1. 1. ICT in Latin America. A microdata analysis III. Science and technology, ICT and profitability in the manufacturing sector in Peru Mario D. Tello11. IntroductionThe development of the technological innovation system, innovation processes andInformation and Communication Technologies (ICT) in Peru is insufficient and weak,and it also has low political priority (CONCYTEC-SINACYT, 2009; CONCYTEC,2005; Kuramoto, 2007 and 2004; Sagasti and Kuramoto, 2003).2 Indeed, the NationalProgram of Science, Technology and Technological Innovation point out that thereare important lags in generation and incorporation of technology in productive andsocial areas (CONCYTEC-SINACYT, 2009).3 Relevant factors explaining these lags inscience, technology and innovation (SCTel) activities are: i) weak institutional frameworkand management of SCTel activities; ii) low economic and cooperation resources; iii)inadequate generation of human resources and infrastructure; and iv) insufficientexploitation of information benefits.The CONCYTEC-SINACYT report 2009 also states that Peru does not have yet anational long term development program which establishes sustainable socioeconomicdevelopment priorities. In the field of SCTel activities, although the Strategic NationalProgram of Science, Technology and Technological Innovation for Competitiveness1 Professor and researcher in the department of economics and CENTRUM CATOLICA at the Pontificia Universidad Catolica of Peru. The author thanks suggestions from Sebastián Rovira and an anonymous referee, and also the assistance of Carmen Zeña, Hans Lavilla and César Huaroto, and support of the National Council of Science and Technology (CONCYTEC).2 The Technological Innovation System is defined as a dynamic network of agents interacting in an economic area under a specific institutional infrastructure and involved in generation, diffusion and use of technology (Carlsson and Stankiewicz, 1991). In broad terms, innovation process is defined as the change in the thinking process in order to make something useful. These changes may be in products, processes or administrative aspects (McKeown, 2008). Schumpeter (1934) distinguishes invention, as ideas that manifest themselves, from innovation, which are ideas successfully applied in practice.3 According to the Global Competitiveness Report 2009 (WEF, 2009), Peru held position 85 of 133 countries in the technological innovation index; the United States was top one, Chile leaded in Latin America and the Caribbean with position 43, and Paraguay was the country with less technological performance in the region with position 131. On the other hand, in the ICT use indicator, Peru held position 77, Switzerland was top one, Barbados held position 41, the best among Latin American countries, and Bolivia held the lowest position, 128 out of 133 countries. 159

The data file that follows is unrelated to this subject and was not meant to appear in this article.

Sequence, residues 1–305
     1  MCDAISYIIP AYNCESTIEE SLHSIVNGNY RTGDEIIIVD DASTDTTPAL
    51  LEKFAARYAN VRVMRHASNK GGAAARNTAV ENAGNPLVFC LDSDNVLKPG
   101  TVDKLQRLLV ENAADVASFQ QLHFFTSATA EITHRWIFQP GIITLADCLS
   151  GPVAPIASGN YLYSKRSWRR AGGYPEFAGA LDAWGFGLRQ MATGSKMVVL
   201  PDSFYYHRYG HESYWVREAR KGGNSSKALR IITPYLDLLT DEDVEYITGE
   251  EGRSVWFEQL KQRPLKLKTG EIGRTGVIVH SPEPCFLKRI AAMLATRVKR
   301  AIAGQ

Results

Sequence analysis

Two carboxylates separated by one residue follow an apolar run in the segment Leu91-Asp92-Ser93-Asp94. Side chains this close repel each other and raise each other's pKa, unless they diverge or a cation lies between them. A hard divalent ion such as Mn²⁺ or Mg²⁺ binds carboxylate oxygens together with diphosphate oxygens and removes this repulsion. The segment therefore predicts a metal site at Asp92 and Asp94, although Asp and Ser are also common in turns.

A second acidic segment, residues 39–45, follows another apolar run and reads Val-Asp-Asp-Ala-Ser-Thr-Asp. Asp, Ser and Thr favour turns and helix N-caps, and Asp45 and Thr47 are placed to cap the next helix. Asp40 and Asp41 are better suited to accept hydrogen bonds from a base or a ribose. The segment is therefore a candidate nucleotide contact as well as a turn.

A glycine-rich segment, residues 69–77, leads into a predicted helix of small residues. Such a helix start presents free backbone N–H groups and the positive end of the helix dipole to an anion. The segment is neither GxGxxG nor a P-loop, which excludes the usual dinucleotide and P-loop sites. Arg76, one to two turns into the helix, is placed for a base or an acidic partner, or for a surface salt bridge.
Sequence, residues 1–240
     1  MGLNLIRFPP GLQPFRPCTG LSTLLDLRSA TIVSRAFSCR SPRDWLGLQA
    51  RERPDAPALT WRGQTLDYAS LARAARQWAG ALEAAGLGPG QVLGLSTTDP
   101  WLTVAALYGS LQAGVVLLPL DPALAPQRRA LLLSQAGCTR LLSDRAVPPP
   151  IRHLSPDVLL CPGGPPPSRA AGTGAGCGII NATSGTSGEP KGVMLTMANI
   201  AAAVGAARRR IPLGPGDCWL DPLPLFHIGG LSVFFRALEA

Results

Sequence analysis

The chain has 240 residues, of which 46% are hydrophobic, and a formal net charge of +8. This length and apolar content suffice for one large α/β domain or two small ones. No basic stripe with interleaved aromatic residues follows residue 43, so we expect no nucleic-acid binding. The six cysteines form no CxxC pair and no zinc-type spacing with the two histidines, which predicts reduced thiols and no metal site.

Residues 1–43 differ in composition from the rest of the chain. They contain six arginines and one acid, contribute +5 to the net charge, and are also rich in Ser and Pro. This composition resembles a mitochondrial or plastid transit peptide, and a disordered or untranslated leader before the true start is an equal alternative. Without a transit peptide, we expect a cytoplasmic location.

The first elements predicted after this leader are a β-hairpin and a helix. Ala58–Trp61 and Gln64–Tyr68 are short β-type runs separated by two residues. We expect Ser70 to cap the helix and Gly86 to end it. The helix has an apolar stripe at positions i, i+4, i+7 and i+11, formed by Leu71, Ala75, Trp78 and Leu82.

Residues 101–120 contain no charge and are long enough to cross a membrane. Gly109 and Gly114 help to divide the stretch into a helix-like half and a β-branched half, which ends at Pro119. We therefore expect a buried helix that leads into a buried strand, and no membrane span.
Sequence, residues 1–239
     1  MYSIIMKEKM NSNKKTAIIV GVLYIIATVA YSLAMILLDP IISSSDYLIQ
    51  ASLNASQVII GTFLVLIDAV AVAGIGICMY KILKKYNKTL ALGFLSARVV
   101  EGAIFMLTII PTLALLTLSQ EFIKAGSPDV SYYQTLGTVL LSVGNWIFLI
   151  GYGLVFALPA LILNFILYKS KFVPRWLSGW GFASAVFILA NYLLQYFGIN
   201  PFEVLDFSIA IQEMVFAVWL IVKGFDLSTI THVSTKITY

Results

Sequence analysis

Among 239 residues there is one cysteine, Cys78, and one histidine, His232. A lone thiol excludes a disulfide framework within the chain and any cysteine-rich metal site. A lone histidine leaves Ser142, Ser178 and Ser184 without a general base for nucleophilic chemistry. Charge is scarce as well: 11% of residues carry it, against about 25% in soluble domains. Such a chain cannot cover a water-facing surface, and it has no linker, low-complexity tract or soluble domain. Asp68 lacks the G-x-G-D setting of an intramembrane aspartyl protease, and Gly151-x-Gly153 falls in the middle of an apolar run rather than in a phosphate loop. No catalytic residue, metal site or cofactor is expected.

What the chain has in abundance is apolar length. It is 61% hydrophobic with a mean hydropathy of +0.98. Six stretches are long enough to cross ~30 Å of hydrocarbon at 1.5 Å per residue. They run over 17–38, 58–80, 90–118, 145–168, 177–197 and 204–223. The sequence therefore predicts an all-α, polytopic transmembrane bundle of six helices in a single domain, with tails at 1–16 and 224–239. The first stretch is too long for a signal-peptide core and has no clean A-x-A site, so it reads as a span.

2. 2. ECLACand Human Development 2006-2021 is in effect, no integral programs of national andregional scope in productive, social and environmental areas have been generated. Thereason is that authorities and both national and regional leaders do not give high priorityto scientific knowledge and technology, as one of the most important means to achievesustainable economic growth, poverty reduction and improvement of the quality of life ofPeruvian people. Additionally, organizations having technologies and qualified humanresources that are able to support large infrastructure and development projects that arebeing executed and planned in different productive sectors, are inadequate. Moreover,not only central government but also regional and local governments have not formulatedsustainable programs to integrate poor populations into the productive systems, and thelink between universities and research institutes with firms is weak.Kuramoto (2007a and 2007b) states that science, technology and innovation have notbeen dealt much in the country. Clear evidence is the scarce literature on the subjectand the disappointing innovation and technological indicators in Peru. Indeed, R&Dspending share in relation to GDP is less than 0.11%; productive structure specializesin primary activities and services of low value added; and primary exports dynamismdo not create employment. In fact, these are highly capital intensive sectors with basictechnological requirements, such as mining, petroleum and fishing. On the other hand,lack of interrelations between different agents in the innovation system does not allowknowledge transmission throughout the whole economy. Also, the government does notgive priority to technology nor does it provide important financing resources. Along thesame line, firms do not understand the relevance of innovation and there are not enoughhuman resources involved in the innovation processes. Moreover, Sagasti and Kuramoto(2003) establish that “at the beginning of the 21st Century there is no Technological Innovation System in Peru and that it only relies on some components, rather weak and scarcely linked among each other, in certain fields of the scientific, technological and productive activity” (p.10).4Additionally, the analysis of the National Survey of Science, Technology and Innovation2004 (Encuesta Nacional de Ciencia, Tecnología e Innovación) by CONCYTEC (2005)reports the following facts. First, the proportion of firms that perform SCTel activities islow, and the activities are concentrated in metropolitan Lima. The mega and large firmsare the firms with more initiatives in this field. These activities are developed in differentsectors, emphasizing food, beverage and tobacco, mining, commerce and petroleum.4 The national innovation system in Peru is also characterized by the following characteristics: i) universities, public institutions and firms have few high-level research centers available, and probably a high proportion of these centers does not comply with international standards regarding research quality, results and publications; ii) there is a limited number of firms implementing innovations on a permanent and systematic basis; iii) institutions which formulate sci- ence and technology policies are weak and do not rely on financial and human resources nor on political influence that are necessary to promote the creation of a National Innovation System, or at least Sectoral Innovation Systems; iv) physical infrastructure, which constitutes the basic support for innovation, show several limitations, and v) very few institutions help to create a favorable environment for science, technology and innovation.160